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Archive for tag: PPI Debacle

Making Waves – How the PPI Debacle Forced Change in the Financial and Banking Industry

The compensation process for mis-sold payment protection insurance (PPI) began in earnest back in January 2011. With £32.9 billion already repaid to customers, there are more claims to come - 2019 will be the year that the PPI debacle draws to a close. Will you be left out in the cold?


But, as a consumer, you may be wondering what has changed to stop something like this happening again.

There have been changes, some of which are specific to the sale of PPI and others that inform good practice across banks and lenders in general.

1. Separate sales

One of the biggest issues with PPI was that it was sold at the same time as the main product, such as a loan. Banks and lenders did, to a certain extent, play on the emotions of their customer, selling them an additional product at a time when they would agree to it because they thought it was important to their loan application.

2. Changes in 'advised sales'

People also thought that when a bank or lender suggested PPI they were in fact, advising them to buy it. Banks argue this was not the case but customers all over the country beg to differ. And so do we! This is why the Financial Conduct Authority has changed a rule: if a bank is advising a customer to buy a product, they need to tell them why in writing.

3. Make terms of sales clearer

Banks and lenders should no longer be offering additional products alongside loans the time of sale.They should leave a gap of at least 7 days before they offer you an insurance product and make it clear that not buying the product will not affect their application for credit.

4. 'Opt-in' online

Another common issue was that when people bought credit cards or applied for loans online, the 'do you want PPI?' box was already ticked. Unless you scrolled to the end of the terms and conditions, you would have failed to see this. You also wouldn't get a chance to examine whether this was worth paying for. In other words, you could be paying for an insurance product that did not cover you.

5. PPI is no longer sold

In most cases, PPI has died a natural death as a result of the mis-selling scandal. There are other similar products, such as income protection insurance, that are far superior products and worth the money.

If you have PPI, you could have a claim for compensation. Why not call us now for a no obligation chat?

The PPI Debacle – Has Anything Really Changed?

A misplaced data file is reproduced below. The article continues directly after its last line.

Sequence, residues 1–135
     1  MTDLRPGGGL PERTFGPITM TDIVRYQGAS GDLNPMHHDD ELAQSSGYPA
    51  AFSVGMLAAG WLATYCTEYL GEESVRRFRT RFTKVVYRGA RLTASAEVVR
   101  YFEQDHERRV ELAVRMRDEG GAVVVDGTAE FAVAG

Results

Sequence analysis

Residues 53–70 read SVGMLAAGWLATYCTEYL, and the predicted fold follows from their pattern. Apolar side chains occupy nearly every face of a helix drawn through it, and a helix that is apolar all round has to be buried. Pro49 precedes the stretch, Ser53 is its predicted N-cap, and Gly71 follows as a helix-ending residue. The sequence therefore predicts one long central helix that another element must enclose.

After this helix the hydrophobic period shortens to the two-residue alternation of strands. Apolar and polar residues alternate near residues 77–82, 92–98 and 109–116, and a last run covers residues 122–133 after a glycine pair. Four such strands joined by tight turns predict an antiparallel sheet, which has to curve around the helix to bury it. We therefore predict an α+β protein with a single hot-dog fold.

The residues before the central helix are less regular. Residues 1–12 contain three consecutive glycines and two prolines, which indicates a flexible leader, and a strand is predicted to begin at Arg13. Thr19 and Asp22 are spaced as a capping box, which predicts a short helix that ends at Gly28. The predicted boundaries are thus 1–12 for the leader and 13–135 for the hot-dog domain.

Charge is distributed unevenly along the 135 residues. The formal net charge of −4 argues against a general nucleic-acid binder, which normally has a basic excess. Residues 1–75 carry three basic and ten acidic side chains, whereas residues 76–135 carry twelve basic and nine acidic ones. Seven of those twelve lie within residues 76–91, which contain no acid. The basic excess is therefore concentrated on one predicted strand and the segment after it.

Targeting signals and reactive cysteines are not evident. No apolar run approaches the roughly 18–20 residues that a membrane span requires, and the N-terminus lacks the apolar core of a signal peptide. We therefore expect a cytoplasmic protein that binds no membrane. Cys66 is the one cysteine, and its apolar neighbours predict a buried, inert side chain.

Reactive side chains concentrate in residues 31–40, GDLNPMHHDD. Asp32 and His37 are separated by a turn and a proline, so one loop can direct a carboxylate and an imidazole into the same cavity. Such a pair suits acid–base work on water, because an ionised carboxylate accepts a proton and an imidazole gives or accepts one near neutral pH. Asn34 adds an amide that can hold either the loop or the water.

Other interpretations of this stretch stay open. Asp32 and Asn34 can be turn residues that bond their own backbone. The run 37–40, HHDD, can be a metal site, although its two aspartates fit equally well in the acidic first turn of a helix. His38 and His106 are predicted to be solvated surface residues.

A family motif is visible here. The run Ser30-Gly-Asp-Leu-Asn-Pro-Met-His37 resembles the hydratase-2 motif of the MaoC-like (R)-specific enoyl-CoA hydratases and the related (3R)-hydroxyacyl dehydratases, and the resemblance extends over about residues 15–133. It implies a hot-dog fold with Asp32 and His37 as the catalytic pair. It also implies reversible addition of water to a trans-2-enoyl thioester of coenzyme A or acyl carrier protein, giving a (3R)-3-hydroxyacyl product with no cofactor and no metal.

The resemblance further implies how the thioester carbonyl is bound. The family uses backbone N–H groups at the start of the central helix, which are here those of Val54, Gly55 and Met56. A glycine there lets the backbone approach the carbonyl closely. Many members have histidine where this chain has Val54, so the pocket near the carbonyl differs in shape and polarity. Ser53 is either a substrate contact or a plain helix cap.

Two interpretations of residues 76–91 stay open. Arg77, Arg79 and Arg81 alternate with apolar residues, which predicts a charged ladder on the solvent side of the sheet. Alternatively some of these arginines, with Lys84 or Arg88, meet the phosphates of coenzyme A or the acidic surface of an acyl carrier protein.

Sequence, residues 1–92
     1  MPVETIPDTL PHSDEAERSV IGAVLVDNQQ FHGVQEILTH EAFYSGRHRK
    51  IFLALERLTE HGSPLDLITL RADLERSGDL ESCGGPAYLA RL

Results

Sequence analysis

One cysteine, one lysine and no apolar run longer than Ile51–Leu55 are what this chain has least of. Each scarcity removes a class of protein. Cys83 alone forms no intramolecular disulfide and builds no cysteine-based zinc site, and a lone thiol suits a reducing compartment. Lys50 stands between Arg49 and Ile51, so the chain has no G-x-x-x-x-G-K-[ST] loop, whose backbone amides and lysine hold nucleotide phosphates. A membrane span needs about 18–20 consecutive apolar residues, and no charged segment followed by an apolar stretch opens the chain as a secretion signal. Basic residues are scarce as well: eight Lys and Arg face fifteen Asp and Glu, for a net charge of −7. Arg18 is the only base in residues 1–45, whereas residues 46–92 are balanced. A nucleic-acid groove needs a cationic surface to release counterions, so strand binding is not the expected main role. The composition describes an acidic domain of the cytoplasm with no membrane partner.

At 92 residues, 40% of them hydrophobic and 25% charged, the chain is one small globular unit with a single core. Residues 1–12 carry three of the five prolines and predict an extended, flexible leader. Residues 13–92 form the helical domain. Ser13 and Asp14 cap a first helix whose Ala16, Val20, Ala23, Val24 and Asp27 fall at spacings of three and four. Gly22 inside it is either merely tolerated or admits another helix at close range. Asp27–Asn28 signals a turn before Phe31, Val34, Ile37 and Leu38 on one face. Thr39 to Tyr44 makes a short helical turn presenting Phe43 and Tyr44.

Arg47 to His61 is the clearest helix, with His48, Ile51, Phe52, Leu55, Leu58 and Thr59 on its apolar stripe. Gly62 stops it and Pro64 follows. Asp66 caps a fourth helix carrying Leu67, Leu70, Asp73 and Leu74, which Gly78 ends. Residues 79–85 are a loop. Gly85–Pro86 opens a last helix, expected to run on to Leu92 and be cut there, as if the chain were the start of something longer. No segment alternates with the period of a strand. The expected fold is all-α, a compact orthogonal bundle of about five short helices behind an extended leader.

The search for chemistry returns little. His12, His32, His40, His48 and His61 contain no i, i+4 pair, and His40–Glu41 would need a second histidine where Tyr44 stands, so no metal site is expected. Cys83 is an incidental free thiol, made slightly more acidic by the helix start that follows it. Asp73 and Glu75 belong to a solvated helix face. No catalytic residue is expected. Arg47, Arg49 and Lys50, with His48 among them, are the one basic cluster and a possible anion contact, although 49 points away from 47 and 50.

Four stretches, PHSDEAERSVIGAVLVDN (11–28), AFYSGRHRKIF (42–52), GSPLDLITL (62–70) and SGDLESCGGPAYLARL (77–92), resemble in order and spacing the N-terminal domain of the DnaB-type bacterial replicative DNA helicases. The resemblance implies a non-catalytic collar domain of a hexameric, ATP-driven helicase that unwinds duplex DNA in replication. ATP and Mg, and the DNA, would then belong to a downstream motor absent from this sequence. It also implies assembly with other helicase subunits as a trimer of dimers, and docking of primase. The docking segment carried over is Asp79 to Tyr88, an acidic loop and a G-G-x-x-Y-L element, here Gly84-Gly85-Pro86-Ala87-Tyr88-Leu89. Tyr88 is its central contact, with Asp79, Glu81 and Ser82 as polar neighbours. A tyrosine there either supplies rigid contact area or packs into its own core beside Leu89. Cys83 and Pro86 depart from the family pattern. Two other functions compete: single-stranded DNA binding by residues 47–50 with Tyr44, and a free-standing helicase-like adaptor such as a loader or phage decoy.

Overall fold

The massive mis-selling of payment protection insurance (PPI) saw the rise of a debate regarding how banks and lenders sell to customers. 'Routine' sales were questioned and as a result, changes were made to safe guard the customer…


Emotional vs. rational decisions

Purchases of all kinds are an emotional decision. You buy food, for example, because you need it to survive, without it, you go hungry.

Customers applying for loans, credit cards, mortgage etc. as financial products are making an emotional decision. In other words, they saw what they were buying or investing in - the home improvements, the new car etc. - and not whether the product they were being sold was the right one or not.

Taking advantage

Banks and lenders, like all other businesses, knew this and take advantage of the situation, offering various additional products that would 'enhance' the customer's experience. With financial products, for example, they would often ask how would you cover repayments if you were no longer working?

They would sow a seed of doubt, sound a warning bell that made you question how you would pay the loan in such a circumstance. Even if you had other insurance policies, the bank or lender would go on to offer you a 'magic' product that for a few extra pounds a month, would make sure that you would not end up in financial problems. You were hooked and you bought the product.

Advised sales - setting out the reasons why

And so, the lines between suggesting a product and an advised sale were blurred. If you take out a loan with a bank,you do not need to take on any other additional product.

It may be a good ideaif the policy is the right one for you.

It may be a wise and prudent moveif you know your job is looking a little shaky in the future etc.

It would seem a responsible thing to do BUT, you still do not have to buy the banks' own product.

Like car insurance, you CAN shop around and get the right deal for your current circumstances.

If, however, the bank insists that as part of the package that their own product is the one you must have, then they must clearly tell you why - and not just verbally. As anadvised sale, they must set this out in writing and clearly show the reasons why, as part of this package, their policy is not the best, butthe right one for you at this time.

Breathing space

Consumer law is clear - you have 14 days from signing the agreement to change your mind. Customers also thought that this law did not apply to financial products, but it does.

But now, the Financial Conduct Authority, along with various consumer groups have worked to introduce a breathing space within which products in addition to the main product cannot be offered.

Customers are to begiven time and spaceto consider the main product before they are offered anything else. Customers must be given ALL the information to make an informed decision. And they are not be badgered or hoodwinked.

Practices have changed BUT, if you think you have a claim for PPI compensation act now by calling Payment Protection Scotland.